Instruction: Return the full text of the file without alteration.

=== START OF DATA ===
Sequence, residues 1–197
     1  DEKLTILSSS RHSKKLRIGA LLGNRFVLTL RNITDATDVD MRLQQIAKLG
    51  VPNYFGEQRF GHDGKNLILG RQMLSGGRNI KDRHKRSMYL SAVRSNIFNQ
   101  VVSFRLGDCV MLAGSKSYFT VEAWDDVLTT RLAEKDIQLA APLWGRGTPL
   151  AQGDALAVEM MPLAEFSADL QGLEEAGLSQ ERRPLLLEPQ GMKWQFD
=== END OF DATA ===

Sequence, residues 1–197
     1  DEKLTILSSS RHSKKLRIGA LLGNRFVLTL RNITDATDVD MRLQQIAKLG
    51  VPNYFGEQRF GHDGKNLILG RQMLSGGRNI KDRHKRSMYL SAVRSNIFNQ
   101  VVSFRLGDCV MLAGSKSYFT VEAWDDVLTT RLAEKDIQLA APLWGRGTPL
   151  AQGDALAVEM MPLAEFSADL QGLEEAGLSQ ERRPLLLEPQ GMKWQFD